Sat-nav problems tackled at government summit
The problems caused when lorry and car drivers are misdirected by out-of-date directions from their sat-navs are to be tackled at a government summit.
Local Transport Minister Norman Baker will host the talks in March to ensure everything possible is done to get the right vehicles on the right roads.
Mr Baker said misdirected traffic was a "scourge of local communities".
In October, Bruton high street in Somerset was shut for 24 hours after a lorry became wedged in a narrow street.
After several attempts to release the vehicle, which was directed there by a sat-nav device, it was eventually freed. However, a 300-year-old house was damaged in the process.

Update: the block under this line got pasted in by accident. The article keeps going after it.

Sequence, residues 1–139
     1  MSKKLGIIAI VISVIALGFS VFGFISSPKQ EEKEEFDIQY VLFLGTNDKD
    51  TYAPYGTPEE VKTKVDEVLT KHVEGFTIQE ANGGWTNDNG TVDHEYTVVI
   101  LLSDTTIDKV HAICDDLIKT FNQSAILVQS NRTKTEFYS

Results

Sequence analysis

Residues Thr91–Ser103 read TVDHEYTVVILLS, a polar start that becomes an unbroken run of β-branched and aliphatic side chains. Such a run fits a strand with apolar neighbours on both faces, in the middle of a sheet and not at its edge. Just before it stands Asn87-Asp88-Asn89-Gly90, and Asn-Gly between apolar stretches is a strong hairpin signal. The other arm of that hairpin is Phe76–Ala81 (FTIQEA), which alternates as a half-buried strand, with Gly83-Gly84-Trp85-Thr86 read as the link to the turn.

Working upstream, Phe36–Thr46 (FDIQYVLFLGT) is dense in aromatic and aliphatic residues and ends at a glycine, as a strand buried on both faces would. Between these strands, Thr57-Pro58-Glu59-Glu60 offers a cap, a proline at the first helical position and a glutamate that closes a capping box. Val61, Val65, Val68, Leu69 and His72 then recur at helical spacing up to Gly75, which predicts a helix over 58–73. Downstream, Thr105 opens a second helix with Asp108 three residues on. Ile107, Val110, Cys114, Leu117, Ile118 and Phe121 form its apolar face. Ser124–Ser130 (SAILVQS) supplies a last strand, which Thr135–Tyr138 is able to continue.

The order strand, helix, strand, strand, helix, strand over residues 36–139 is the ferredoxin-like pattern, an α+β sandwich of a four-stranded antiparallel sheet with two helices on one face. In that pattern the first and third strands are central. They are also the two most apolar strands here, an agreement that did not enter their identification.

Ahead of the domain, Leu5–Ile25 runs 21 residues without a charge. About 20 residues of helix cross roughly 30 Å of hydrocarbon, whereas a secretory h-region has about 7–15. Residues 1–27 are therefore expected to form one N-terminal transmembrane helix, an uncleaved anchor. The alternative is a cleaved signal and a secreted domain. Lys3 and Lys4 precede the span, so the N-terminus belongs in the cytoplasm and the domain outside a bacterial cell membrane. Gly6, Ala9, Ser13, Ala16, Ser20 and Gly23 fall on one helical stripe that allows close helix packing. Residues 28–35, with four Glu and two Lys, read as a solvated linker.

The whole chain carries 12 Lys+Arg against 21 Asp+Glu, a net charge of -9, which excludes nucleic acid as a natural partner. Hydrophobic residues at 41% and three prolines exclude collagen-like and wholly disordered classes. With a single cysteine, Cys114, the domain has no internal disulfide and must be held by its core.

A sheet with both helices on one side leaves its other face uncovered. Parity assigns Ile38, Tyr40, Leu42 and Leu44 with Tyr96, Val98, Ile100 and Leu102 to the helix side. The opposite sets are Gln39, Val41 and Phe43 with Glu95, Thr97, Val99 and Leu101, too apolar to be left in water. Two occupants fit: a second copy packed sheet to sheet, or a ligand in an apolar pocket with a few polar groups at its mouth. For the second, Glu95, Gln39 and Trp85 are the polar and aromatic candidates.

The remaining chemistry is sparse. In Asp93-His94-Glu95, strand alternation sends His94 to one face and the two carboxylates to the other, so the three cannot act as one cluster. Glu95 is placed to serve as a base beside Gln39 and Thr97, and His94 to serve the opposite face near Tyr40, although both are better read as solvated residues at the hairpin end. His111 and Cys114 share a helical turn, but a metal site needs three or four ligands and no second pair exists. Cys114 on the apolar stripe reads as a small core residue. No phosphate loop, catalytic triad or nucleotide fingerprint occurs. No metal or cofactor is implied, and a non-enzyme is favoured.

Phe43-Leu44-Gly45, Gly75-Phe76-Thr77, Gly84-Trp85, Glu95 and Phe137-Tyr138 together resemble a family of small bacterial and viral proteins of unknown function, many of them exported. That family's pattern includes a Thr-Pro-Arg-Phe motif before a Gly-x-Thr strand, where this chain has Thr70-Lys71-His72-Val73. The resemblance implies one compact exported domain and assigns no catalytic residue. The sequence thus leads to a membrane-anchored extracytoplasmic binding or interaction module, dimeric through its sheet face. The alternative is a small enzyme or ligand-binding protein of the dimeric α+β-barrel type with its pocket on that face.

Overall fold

"Out-of-date directions mean misdirected traffic - a scourge of local communities," Mr Baker said.
"It is vital highway authorities, mapping companies and sat-nav manufacturers work more closely together to provide drivers with accurate, up-to-date information on traffic restrictions such as narrow roads or low bridges.
"This will help prevent huge lorries from being sent down inappropriate roads and ensure motorists are given the best possible directions."
The Department for Transport says it can take months for map updates from local authorities to register on sat-navs.
The summit, in early March, will be held around a month before councils gain new powers to decide how their roads will appear on maps, aimed at directing traffic better.